I'm inclined to consider all these cases as similar (if not the same) cases of inline box fragmentation. Maybe they should be covered in the CSS Fragmentation spec after all? Currently that spec is a bit contradictory regarding inline box fragmentation: first it says that it doesn't cover it at all, but then it still describes the box-decoration-break behavior for inline box fragments as well. Maybe other aspects of inline box fragmentation (especially where other box types come into play) should be also covered there?

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commented Mar 19, 2018

Agenda+ to ask a specific question. In the following scenario:

<span>inline <div>block</div> inline</span>

Is the div's block box a child of the span's inline box? (And then fragmentation causes the inline box to generate two inline fragments, one on either side of the block fragment.)

Or does block-splits-inline occur at the box-tree level, such that the span generates two inline boxes, siblings to the block box?

If the latter, which box is the span's principle box (or is it both)? This seems hard to observe, but I'm sure there are differences somewhere. More importantly, what matches browser internals most cleanly?

@fantasai and I think it's best if we go with the first option, where the span generates a single inline box (which generates two fragments), and the div generates a child block box. The other option seems... tricky.

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commented Mar 19, 2018

@fantasai and I think it's best if we go with the first option, where the span generates a single inline box

Yes! Move all the hand-waving into the fragment tree and let the box tree be sane. I wrote my proposal in #1706 (comment)

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commented Mar 21, 2018

So in Gecko we don't really distinguish between boxes and fragments; they're one tree, and if we want to traverse boxes rather than fragments, we (a) ignore children that aren't first-fragments and (b) traverse children of later fragments. That said, block-in-inline and (in-progress) column-span splitting is a heavier type of splitting than breaking and bidi resolution, so there are contexts where we could mix the two modes (treat splits of inlines around blocks, and blocks and inlines around column-spans as separate objects, but not do that for bidi/line/column/page breaking), though I think we try to avoid it.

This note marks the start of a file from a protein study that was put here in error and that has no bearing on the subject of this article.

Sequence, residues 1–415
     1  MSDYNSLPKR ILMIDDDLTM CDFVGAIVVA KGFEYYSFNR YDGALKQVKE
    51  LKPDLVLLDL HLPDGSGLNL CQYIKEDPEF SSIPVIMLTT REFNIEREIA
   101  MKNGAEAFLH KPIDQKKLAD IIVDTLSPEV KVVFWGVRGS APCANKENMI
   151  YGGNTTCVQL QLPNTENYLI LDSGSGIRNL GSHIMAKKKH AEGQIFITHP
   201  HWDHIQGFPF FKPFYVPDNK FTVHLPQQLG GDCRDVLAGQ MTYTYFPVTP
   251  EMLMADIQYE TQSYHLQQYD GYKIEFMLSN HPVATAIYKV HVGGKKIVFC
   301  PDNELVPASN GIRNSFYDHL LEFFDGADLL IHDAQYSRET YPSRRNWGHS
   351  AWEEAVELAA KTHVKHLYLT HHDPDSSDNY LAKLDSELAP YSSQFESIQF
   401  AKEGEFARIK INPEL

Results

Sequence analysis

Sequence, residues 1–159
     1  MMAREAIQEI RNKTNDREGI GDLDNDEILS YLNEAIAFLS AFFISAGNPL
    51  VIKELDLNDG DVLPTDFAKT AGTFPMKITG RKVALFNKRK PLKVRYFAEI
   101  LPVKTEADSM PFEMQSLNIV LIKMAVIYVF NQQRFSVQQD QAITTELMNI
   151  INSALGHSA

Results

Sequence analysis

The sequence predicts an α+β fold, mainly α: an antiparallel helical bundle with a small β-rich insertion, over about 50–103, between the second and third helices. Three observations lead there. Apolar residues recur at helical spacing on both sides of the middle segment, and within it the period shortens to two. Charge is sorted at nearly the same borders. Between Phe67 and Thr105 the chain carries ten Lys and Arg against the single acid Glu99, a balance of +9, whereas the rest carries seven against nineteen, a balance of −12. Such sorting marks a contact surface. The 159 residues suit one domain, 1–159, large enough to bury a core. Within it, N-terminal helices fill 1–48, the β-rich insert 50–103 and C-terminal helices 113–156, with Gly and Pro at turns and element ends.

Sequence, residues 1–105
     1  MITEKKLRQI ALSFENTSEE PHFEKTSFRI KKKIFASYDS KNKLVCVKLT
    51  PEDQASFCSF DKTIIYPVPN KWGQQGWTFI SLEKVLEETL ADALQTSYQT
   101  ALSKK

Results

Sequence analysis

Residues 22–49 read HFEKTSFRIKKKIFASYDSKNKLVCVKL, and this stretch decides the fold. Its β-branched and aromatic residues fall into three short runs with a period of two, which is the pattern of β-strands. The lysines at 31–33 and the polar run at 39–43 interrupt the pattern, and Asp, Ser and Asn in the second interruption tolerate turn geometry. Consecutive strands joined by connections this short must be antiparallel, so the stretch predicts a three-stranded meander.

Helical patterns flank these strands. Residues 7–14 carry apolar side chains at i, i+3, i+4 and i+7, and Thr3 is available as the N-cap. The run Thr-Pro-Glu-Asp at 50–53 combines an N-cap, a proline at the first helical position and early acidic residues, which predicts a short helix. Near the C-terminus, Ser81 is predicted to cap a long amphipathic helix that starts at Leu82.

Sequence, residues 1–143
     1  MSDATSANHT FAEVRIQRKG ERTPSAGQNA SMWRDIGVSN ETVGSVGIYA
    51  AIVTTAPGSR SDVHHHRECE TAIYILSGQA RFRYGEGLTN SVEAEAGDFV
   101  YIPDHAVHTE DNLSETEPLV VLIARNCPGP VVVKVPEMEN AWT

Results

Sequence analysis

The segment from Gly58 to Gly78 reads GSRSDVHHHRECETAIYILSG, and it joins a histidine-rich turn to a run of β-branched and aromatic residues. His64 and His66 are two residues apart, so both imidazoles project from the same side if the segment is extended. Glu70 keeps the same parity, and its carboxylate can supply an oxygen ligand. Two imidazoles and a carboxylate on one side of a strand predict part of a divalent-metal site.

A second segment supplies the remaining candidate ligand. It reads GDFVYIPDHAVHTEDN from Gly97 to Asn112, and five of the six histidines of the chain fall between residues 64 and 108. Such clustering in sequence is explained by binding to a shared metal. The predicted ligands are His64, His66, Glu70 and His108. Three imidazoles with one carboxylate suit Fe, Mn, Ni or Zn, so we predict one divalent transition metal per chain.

I worry that the proposal makes spec prose from CSS 2 that we still depend on even further from the truth than it currently is. In other words, we have prose that talks about boxes (at least when it remembers not to say elements) when it needs to be updated to talk about fragments -- if we change the definition of boxes to be less like fragments, future implementors may not realize that that prose was written before the distinction existed and think it means something different from what it actually means. If there were more of an ongoing effort to maintain that prose, this might be less of an issue.

That said, I'm also worried that drawing this distinction might force implementations to add new implementation concepts that they don't need now, just in order to get very minor details correct. It's often better for the spec prose to match what implementations do so that you don't get lots of very minor nonconformance. That said, I'm not sure what the other implementations do.

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commented Mar 21, 2018

By the way, saying that the block generates a box inside the inline one explains the propagation of text-decoration, i.e. "block" is underlined in this example:

<span style="text-decoration: underline">inline <div>block</div> inline</span>

This doesn't make sense if you only consider the fragment tree, but can make sense in the box one.

Gecko is able to do it properly despite having no box tree notion. So couldn't it use the same approach to handle the "very minor details"? I don't think implementations will be forced to add new implementation concepts.

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commented Mar 21, 2018

It can become a substantial maintenance burden; I really don't want the spec's way of explaining things to deviate from implementations if the implementations are consistent and there isn't a really good reason to go the other way.